BLS Stats vs. the Truth: Behind the Numbers

by: Tyler Durden

The confidence game in turbo boost mode. The market is oblivious of the underlying data behind today's "better than expected" BLS computer model output. Yet for the few remaining who do care about the increasingly irrelevant fundamentals, we provide some observations. Here are facts from John Williams' Shadow Stats:

July usually sees a regular pattern of planned automobile production line shutdowns to accommodate retooling for the new model year, but recent disruptions to the auto industry have changed pattern this year. Without the usual pattern of shutdowns, the government’s computers nonetheless responded by creating the usual offsetting boost in jobs, not only in the auto industry, but in supporting industries as well. The auto industry itself was alone among durable goods manufacturing industries in showing a reported, seasonally-adjusted monthly gain in July, up by 28,000 jobs. [Would anybody who recently got a job at Chrysler and GM please write us immediately]

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While Wall Street likely will hype the July employment results as confirmation that economy has turned the corner, such hype and resulting overly optimistic expectations should be slammed in the months ahead, when the positive reporting distortions reverse out in a normal catch-up process.

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The unadjusted annual declines in the June and July payrolls remain the deepest since a similar decline at the trough of the 1958 recession, but still shy of the 4.9% trough seen in the 1949 downturn. When the 1949 annual low growth is broken, most likely next month, the annual percentage contraction in payrolls will be the most severe since the production shutdown following World War II.

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- Birth-Death/Bias Factor Adjustment. As discussed in SGS Newsletter No. 51, Birth-Death Model biases tend to overstate payroll employment during recessions. Never designed to handle the downside pressures from an economic contraction, the model adds a fairly consistent upside bias to the payroll levels each year, currently averaging about 76,000 jobs per month. The unadjusted July 2009 bias was 32,000, up from 25,000 the year before, but down from 185,000 in June.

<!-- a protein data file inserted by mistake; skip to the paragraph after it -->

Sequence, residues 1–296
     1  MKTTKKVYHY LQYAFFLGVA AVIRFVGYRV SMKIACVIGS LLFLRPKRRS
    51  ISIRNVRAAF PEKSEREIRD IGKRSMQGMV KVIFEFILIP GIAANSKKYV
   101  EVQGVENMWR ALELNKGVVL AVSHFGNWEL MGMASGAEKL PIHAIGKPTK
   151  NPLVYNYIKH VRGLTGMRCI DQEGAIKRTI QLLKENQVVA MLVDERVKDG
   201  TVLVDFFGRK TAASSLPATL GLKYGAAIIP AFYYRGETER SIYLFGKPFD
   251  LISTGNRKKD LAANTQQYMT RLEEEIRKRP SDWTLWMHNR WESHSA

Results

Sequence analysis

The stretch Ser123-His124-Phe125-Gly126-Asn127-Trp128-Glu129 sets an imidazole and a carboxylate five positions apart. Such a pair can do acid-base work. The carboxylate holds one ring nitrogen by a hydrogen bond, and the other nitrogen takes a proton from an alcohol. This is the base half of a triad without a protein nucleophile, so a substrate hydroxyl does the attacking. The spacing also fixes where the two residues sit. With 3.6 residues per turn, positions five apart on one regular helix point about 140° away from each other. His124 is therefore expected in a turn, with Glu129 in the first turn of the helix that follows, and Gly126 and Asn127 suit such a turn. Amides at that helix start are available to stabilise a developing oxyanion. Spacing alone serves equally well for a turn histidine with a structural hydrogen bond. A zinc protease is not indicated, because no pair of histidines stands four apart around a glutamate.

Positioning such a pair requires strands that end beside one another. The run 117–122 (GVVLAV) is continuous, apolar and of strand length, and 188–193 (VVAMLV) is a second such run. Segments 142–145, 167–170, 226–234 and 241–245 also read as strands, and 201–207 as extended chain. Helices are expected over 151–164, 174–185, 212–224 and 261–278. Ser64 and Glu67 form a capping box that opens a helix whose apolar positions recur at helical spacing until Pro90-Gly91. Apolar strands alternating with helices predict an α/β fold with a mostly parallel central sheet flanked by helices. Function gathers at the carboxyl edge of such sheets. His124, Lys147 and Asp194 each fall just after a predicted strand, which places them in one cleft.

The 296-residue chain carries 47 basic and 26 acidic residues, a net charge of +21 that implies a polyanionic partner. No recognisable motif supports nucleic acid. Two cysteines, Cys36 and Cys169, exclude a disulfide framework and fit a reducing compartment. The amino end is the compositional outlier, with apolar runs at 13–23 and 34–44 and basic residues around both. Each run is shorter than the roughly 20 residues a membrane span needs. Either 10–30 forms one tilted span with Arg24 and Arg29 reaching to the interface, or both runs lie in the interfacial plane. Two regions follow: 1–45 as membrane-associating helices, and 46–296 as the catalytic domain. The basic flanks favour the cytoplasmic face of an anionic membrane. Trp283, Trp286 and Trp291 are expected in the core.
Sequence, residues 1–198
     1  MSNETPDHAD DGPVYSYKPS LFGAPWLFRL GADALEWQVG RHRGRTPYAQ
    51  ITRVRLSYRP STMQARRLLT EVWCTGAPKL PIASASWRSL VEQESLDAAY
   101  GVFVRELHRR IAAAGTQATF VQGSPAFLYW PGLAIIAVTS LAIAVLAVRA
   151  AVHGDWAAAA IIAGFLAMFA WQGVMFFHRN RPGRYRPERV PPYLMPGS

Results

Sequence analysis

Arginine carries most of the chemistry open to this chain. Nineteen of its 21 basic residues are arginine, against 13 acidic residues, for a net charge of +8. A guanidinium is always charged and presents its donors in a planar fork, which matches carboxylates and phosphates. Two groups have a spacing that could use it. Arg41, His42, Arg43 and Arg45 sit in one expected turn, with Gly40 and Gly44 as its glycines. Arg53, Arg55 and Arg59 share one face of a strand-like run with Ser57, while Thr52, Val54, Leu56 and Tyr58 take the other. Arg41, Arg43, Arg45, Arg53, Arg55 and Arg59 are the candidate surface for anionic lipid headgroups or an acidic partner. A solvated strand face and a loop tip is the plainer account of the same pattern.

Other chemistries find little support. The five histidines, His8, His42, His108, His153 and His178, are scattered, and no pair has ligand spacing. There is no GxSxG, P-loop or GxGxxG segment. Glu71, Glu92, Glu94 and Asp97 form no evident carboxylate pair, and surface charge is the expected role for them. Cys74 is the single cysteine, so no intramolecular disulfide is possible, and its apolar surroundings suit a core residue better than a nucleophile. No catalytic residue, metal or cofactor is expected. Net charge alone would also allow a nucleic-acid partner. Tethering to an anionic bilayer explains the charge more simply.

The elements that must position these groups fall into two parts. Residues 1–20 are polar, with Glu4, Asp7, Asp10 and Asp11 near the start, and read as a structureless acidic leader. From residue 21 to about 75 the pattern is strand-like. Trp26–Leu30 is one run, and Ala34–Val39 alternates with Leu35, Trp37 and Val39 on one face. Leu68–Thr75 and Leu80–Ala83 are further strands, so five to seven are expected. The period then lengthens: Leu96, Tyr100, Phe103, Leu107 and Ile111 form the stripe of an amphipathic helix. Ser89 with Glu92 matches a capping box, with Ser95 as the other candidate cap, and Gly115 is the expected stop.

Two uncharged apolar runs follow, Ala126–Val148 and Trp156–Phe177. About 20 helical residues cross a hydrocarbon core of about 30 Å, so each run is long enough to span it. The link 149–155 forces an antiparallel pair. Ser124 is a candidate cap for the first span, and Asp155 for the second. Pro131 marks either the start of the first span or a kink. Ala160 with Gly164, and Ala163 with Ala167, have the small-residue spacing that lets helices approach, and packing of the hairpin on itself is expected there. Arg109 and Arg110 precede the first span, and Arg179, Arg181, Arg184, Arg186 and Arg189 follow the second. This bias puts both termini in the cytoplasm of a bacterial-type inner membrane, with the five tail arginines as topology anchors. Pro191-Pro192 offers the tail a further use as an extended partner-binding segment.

And some observations from David Rosenberg:

U.S. nonfarm payroll surprise but less than meets the eye Today's employment report is being treated as a 'green shoot' of major proportions. While it was by far the best jobs performance of the year, much of the better-than-expected tally in nonfarm payrolls reflected the bounce in auto production as well as the distortion from the federal census workers. Combined, these two influences effectively "added" 100,000 to the headline number, so net-net, the consensus view of -325,000 was not as far off the mark as the market believed at first glance.

  • Payrolls came in at -247k in July — the consensus was at -325k

  • Upward revisions by 43k to the back data

  • Unemployment rate down to 9.4% from 9.5% (but as in Canada, due to a sliding labour force — down 422k in the U.S.)

  • We are going to see a big increase in industrial production for July — manufacturing workweek jumped 0.8% MoM

  • Income was surprisingly strong — average weekly earnings rose 0.5% MoM (after a 0.3% decline in June)

The auto sector added 28,200 to the industry payroll in July, which was the highest tally in 11 years. To show you just how big that really is, it is a 69% annualized surge. Normally, the industry, which is in secular decline, posts job losses of between 20,000 and 30,000 consistently, so this alone represented roughly a 50,000 swing. We estimate that there was about a 30,000 swing in the rest of the manufacturing sector due to the spillover from the current inventory adjustment in the motor vehicle industry. The 0.3% MoM increase in the workweek was also skewed by the 4.1% MoM jump in the auto sector.

[T]here have been large fluctuations in the federal government payroll too. After hiring a slew of Census workers in the spring, there were 57,000 layoffs in May-June and then we saw in today’s report that 12,000 federal workers were “hired” in July. Again, mathematically, this contributed about 20,000 to today’s headline number. In other words, and we have no intent on raining on anyone’s parade, there was about 100,000 non-recurring payrolls in that top-line figure. It may be dangerous to extrapolate today’s report into a view that we are about to fully turn the corner on the job market front.

To be sure, the drop in the unemployment rate was a surprise, but it was all due to the slide in the labour force — the employment-to-population ratio gives a more accurate picture of the slack in the labour market and the hidden secret in today’s report was that this metric slid to a 25-year low of 59.4% from 59.5% in June and 61.0% at the turn of the year. Of those unemployed, 33.8% of them have been unemployed now for over 27 weeks — a record amount (was at 29.0% in June and was at 17.5% at the start of this recession).

And to conclude with Rosie:

“Bear markets have three stages – (i) sharp down, ii) reflexive rebound, and iii) a drawn-out fundamental downtrend”.


We have little doubt as to which stage we are in today.